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Re: history shows edited lines not the lines actually ran

From: Chet Ramey
Subject: Re: history shows edited lines not the lines actually ran
Date: Mon, 18 Jun 2018 09:29:56 -0400
User-agent: Mozilla/5.0 (Macintosh; Intel Mac OS X 10.12; rv:52.0) Gecko/20100101 Thunderbird/52.8.0

On 6/16/18 1:23 PM, address@hidden wrote:

> Bash Version: 4.2
> Patch Level: 46
> Release Status: release
> Description:
>       when you edit a line from your bash history, history shows the edited 
> version, even if you never ran it

Yes. Each in-memory history entry can be edited aribitrarily, and each has
an individual list of changes to undo (if you see an asterisk preceding a
history entry when you list the history lines, it means the line has been
modified). When you execute a modified history line, readline reverts the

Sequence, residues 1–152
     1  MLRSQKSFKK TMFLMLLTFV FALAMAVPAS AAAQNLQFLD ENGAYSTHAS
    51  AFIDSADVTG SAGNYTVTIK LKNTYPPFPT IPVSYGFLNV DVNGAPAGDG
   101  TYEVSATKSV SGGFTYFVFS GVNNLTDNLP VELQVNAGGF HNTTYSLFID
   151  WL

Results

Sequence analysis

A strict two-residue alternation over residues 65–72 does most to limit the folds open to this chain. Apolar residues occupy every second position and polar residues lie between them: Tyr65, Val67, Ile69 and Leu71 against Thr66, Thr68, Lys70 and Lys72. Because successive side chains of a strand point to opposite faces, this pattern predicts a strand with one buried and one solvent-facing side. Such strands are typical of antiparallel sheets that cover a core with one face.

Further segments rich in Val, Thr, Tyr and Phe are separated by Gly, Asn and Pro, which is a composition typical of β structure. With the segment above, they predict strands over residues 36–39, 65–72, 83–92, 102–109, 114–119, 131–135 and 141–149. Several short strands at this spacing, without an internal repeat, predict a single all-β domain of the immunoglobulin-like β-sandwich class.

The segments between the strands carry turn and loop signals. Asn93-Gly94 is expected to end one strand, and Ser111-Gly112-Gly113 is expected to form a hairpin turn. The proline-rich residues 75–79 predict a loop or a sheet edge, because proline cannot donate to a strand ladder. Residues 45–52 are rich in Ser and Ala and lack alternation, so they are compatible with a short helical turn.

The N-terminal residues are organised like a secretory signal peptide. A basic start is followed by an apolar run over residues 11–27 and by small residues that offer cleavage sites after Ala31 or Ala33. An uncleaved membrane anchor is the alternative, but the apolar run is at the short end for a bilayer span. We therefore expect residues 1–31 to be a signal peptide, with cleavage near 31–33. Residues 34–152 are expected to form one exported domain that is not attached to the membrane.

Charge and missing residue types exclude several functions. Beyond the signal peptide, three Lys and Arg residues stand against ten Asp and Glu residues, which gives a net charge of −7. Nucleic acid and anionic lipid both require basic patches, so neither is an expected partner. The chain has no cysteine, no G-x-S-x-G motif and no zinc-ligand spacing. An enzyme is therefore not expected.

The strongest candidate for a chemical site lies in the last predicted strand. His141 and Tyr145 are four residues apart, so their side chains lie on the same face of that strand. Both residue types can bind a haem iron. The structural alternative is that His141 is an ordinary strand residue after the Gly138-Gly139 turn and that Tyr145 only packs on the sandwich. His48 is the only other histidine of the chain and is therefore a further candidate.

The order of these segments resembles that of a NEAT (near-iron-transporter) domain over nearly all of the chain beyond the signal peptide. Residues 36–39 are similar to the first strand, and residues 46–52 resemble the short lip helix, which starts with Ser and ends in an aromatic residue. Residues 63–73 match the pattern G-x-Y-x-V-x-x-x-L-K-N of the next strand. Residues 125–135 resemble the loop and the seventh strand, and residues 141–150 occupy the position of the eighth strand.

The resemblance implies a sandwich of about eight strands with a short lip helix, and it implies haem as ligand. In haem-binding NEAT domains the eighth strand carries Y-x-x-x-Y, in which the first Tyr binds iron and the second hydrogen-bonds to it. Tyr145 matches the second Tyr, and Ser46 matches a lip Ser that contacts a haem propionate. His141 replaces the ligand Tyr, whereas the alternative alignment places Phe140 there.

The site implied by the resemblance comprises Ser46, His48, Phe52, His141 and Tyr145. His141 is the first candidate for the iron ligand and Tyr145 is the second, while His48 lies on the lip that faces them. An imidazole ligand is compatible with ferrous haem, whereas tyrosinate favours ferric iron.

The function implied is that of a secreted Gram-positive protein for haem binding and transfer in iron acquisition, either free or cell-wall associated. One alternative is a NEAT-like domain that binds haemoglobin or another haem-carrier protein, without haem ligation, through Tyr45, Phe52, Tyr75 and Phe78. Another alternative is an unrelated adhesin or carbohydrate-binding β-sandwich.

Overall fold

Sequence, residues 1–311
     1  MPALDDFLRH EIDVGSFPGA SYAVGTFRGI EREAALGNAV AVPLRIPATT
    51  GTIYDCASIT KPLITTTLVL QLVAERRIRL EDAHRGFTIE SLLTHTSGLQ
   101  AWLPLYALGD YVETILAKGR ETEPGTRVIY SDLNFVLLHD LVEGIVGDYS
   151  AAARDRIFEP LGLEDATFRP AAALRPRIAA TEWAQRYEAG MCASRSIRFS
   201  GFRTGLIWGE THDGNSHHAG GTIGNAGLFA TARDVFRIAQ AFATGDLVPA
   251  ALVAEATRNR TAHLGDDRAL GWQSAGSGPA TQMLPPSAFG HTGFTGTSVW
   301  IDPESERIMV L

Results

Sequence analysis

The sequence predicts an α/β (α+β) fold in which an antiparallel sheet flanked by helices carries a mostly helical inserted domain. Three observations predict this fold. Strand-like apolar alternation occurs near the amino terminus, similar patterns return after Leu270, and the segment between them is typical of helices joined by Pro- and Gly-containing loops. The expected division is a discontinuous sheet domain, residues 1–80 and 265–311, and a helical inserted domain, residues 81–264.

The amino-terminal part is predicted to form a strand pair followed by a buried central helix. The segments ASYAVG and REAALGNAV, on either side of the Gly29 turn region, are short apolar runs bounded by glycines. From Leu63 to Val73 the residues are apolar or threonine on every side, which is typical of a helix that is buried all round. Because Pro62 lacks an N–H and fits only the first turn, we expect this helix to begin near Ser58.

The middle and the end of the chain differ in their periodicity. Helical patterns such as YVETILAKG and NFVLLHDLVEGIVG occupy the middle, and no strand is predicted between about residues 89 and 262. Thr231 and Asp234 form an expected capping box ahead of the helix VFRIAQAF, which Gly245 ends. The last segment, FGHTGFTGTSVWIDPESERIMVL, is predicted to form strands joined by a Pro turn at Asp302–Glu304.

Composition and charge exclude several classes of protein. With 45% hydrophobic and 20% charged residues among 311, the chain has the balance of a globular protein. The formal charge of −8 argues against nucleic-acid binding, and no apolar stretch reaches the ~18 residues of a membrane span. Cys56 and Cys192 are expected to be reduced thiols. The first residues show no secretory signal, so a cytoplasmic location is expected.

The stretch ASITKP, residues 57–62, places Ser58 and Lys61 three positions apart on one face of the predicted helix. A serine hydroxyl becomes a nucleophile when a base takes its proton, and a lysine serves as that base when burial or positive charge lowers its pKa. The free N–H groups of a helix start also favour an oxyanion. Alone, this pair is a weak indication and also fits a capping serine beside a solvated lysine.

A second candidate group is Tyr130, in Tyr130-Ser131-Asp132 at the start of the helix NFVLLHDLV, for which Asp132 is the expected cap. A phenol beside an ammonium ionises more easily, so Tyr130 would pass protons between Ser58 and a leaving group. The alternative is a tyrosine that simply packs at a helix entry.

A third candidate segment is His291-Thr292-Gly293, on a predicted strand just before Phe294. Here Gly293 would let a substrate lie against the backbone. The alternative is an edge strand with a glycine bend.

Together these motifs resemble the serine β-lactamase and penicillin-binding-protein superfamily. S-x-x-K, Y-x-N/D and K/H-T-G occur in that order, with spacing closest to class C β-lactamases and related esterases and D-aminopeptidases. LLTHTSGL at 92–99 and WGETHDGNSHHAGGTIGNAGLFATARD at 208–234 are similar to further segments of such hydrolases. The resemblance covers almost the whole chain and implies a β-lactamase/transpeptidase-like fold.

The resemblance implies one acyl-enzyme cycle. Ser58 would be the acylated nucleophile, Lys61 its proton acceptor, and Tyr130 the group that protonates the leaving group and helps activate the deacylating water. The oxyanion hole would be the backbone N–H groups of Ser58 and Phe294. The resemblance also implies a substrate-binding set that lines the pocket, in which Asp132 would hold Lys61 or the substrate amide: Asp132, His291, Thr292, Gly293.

line to its original state by unwinding the changes. You can set the
`revert-all-at-newline' variable to force readline to undo all  changes to
modified history lines whenever it reads a newline and returns.

By default, the history library writes the contents of the in-memory
history list to the history file, including modified lines. If you don't
want this, set `revert-all-at-newline'.

``The lyf so short, the craft so long to lerne.'' - Chaucer
                 ``Ars longa, vita brevis'' - Hippocrates
Chet Ramey, UTech, CWRU    address@hidden    http://tiswww.cwru.edu/~chet/

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